In most situations a temporary work permit is required to be able to work in Canada. Depending on the situation, different options might be applicable. In certain cases, a temporary work permit may not be required.
Working on a temporary work permit
There are two kinds of work permits:
- Work permits that are based on a written confirmation, known as a Labour Market Impact Analysis (LMIA), from the Department of Employment and Social Development Canada (ESDC) that the employer may hire a foreign worker.
- Work permits without an LMIA. This applies to special circumstances such as:
- Intra-company transfers. An intra-company transfer allows businesses to send certain key personnel to a subsidiary, parent or sister company in Canada for up to three years. The person being transferred must have worked for the business for at least one year in the last three years and is either a senior manager or a specialized knowledge worker.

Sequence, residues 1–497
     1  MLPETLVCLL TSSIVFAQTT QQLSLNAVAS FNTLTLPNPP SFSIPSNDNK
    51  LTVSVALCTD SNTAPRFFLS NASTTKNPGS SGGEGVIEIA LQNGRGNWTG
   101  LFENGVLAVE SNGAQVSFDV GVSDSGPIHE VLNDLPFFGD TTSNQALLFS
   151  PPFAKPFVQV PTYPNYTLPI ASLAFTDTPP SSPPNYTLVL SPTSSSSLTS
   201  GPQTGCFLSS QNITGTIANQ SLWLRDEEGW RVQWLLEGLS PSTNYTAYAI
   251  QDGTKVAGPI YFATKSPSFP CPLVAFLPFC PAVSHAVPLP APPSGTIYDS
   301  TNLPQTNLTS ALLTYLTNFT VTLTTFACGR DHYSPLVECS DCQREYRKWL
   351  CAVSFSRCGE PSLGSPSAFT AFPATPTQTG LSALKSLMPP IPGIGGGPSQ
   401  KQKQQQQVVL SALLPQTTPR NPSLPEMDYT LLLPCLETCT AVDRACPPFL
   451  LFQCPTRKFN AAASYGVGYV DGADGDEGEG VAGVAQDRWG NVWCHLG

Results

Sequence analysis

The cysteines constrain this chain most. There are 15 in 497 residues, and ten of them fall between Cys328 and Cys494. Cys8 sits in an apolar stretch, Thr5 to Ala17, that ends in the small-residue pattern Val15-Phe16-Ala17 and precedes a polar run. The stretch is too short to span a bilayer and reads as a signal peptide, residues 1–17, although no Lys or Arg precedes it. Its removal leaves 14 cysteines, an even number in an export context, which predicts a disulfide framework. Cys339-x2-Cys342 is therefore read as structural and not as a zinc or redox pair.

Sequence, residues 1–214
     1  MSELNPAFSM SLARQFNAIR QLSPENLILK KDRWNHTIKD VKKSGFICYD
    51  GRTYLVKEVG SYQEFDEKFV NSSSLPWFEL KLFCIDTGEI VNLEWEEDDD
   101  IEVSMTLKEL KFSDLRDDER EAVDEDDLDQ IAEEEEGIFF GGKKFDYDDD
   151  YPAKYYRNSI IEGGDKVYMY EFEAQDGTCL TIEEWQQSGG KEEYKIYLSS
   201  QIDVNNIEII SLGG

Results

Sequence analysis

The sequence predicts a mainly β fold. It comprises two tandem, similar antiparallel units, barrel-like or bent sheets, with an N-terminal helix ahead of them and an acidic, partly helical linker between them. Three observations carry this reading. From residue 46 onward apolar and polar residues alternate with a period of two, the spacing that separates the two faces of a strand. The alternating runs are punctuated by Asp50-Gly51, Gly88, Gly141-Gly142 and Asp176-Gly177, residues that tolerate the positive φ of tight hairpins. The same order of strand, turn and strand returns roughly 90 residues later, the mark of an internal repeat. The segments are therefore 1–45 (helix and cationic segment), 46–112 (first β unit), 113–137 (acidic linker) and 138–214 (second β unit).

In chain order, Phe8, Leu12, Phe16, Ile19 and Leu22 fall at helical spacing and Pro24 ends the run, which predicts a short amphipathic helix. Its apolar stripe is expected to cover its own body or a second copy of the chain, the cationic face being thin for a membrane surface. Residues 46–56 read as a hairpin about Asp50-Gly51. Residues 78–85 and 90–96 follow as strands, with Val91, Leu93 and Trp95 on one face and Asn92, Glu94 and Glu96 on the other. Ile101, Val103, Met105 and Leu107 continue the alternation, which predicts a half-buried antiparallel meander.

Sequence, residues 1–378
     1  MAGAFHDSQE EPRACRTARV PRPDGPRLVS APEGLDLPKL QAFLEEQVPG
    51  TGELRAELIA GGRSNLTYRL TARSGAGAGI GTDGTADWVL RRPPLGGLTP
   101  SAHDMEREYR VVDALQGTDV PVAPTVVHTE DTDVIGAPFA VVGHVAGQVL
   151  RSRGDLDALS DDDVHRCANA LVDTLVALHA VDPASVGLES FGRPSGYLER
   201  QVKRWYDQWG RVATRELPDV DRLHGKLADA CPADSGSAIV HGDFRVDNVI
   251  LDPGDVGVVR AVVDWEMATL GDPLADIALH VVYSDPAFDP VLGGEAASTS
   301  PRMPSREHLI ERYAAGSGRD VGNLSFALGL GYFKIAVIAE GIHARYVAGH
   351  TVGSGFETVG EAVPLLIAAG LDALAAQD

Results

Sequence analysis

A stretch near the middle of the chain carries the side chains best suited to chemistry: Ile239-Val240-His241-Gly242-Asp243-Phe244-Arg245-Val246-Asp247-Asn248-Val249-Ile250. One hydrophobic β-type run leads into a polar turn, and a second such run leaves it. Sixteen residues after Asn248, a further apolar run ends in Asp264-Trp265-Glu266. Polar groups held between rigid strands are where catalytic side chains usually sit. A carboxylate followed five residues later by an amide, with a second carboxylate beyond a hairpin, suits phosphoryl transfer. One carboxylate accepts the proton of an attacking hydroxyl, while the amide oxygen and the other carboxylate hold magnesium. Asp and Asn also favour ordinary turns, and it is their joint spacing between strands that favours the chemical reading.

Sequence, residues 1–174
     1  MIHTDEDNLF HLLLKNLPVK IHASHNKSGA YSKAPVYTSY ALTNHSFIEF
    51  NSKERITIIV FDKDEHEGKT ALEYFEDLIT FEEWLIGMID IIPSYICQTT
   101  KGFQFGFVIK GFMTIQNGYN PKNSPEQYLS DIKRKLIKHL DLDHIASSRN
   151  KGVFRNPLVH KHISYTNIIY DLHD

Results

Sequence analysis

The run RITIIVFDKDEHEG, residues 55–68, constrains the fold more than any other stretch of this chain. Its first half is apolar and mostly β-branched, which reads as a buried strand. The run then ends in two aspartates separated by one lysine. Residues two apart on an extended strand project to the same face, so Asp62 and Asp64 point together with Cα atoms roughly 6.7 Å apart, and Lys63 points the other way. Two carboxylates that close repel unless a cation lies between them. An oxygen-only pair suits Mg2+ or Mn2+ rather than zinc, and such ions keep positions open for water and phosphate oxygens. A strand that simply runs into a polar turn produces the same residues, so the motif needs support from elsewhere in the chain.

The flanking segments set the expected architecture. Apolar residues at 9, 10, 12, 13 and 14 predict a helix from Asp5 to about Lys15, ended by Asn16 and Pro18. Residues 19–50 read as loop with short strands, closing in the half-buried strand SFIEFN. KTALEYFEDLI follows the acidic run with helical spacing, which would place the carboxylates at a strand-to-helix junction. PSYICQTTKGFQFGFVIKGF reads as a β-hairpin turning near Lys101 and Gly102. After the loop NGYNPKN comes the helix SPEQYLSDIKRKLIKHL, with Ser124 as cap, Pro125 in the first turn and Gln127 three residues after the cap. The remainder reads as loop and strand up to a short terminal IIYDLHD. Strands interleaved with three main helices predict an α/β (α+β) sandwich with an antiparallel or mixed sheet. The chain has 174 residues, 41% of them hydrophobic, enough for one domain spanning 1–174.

- Exchange programs for students and young workers, such as the Working Holiday program.
Please contact us to discuss which work permit best fits your specific situation.
Working without a temporary work permit
In certain cases, a temporary work permit may not be required. These include, for example, news reporters, film and media crews, athletes / coaches and performing artists. People who are being sent to Canada to supervise installation and repair of equipment sold by a foreign company to a Canadian company are also exempt, as long as this has been provided for in the original sales contract and/or warranty. Check beforehand whether you will require a temporary work permit.